Jamie Dimon is utterly wrong about Bitcoin.
The JP Morgan Chase CEO has consistently dismissed the world's largest cryptocurrency by market value, describing it as a “fraud.” At the Delivering Alpha conference he said: “It's just not a real thing, eventually it will be closed,” before adding, “It’s worse than tulip bulbs. It won’t end well.”
Dimon is perhaps the highest-profile critic of Bitcoin – but he is not alone. There are many more, including billionaire investor Mark Cuban, who has said that you’ve just “got to pretend you've already lost your money,” quipping that it's like throwing “the Hail Mary.”
However, I believe that they have read this one badly. There is a clear demand and a need for Bitcoin - as this week’s incredible, unprecedented rally has proven. It crossed the $16,000 point Thursday, only two days after topping $12,000 for the first time. It is breaching psychological hurdle after psychological hurdle and it is dumbfounding and catching off guard many traditionalists and experts.
Unquestionably, Bitcoin is currently meeting this evident demand and need for alternative currencies in a digital age.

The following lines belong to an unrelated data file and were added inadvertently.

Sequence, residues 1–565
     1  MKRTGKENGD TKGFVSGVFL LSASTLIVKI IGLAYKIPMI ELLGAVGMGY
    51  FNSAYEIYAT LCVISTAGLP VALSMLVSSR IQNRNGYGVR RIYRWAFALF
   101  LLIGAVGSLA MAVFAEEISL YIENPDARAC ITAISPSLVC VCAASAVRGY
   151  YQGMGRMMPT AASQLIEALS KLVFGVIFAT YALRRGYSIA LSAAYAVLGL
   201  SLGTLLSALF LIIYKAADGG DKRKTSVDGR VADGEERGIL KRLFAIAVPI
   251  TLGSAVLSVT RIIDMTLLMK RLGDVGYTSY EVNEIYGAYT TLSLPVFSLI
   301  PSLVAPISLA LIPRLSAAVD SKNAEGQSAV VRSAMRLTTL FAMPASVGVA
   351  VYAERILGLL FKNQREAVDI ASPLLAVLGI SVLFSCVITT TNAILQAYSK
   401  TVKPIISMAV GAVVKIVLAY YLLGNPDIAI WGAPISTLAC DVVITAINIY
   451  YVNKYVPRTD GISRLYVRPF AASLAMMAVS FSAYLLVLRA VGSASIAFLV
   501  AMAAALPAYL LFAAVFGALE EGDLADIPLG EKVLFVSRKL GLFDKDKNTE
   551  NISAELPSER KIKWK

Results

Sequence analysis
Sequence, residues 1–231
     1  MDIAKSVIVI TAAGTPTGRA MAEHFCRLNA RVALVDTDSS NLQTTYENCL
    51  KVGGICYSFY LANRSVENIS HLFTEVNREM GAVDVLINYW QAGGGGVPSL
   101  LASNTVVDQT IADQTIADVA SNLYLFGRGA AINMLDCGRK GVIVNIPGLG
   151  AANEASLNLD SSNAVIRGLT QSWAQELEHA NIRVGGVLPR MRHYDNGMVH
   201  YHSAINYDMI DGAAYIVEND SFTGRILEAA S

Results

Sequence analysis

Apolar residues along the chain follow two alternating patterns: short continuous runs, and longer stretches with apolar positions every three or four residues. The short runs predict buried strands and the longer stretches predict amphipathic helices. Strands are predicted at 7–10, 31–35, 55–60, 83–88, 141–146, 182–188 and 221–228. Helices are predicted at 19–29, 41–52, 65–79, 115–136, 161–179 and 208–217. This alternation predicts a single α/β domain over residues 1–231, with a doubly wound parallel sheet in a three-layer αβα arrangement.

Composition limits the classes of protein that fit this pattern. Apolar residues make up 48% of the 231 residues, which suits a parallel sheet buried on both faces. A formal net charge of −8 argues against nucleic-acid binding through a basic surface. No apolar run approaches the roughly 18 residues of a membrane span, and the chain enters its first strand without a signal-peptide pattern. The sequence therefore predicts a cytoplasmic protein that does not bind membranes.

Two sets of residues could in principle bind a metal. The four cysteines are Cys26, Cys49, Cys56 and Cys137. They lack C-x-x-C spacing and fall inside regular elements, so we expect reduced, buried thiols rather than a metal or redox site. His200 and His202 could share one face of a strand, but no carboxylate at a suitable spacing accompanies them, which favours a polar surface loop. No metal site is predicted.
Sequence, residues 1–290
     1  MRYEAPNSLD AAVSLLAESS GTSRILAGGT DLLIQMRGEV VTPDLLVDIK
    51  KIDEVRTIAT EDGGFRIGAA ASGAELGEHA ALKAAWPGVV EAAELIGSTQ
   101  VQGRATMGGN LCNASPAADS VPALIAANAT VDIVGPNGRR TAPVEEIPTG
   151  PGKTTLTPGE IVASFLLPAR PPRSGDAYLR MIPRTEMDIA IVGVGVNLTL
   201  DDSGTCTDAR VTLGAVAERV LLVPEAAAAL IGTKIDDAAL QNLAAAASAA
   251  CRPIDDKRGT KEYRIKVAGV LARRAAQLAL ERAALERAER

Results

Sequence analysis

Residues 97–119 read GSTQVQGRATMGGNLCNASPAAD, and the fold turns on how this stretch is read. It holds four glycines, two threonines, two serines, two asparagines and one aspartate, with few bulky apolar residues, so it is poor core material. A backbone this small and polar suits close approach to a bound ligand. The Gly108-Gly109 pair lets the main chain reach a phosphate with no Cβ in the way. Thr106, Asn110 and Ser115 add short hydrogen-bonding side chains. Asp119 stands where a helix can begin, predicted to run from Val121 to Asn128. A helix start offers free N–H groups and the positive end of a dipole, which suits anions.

But I would also urge investors to be cautious for three important reasons. First, Bitcoin remains a major gamble as it is very much an unknown and untested asset. Two, an asset that goes almost vertically up should be eyed with wariness. And three, there is a lack of fundamental economic value.
No-one can accurately predict when this current rally will end. No-one knows if this is, as some experts are warning, a bubble comparable to the dotcom bubble. Yet I do think we should agree that the blockchain technology that underpins Bitcoin is revolutionary and it’s already changing the way the world uses money. And it is likely as the digital revolution, dubbed the Fourth Industrial Revolution, that the demand and need for cryptocurrencies will soar exponentially.
Cryptocurrenices, are designed for today’s world. It can be expected that one or two of the existing ones will dominate; whether it’s Bitcoin or not remains to be seen. But the dawn of the financial technology era is here. We should and will have to embrace it.
Nigel Green is founder and CEO of deVere Group. One of the world’s largest independent financial advisory organizations, de Vere does business in 100 countries and has more than $12 billion under advisement.
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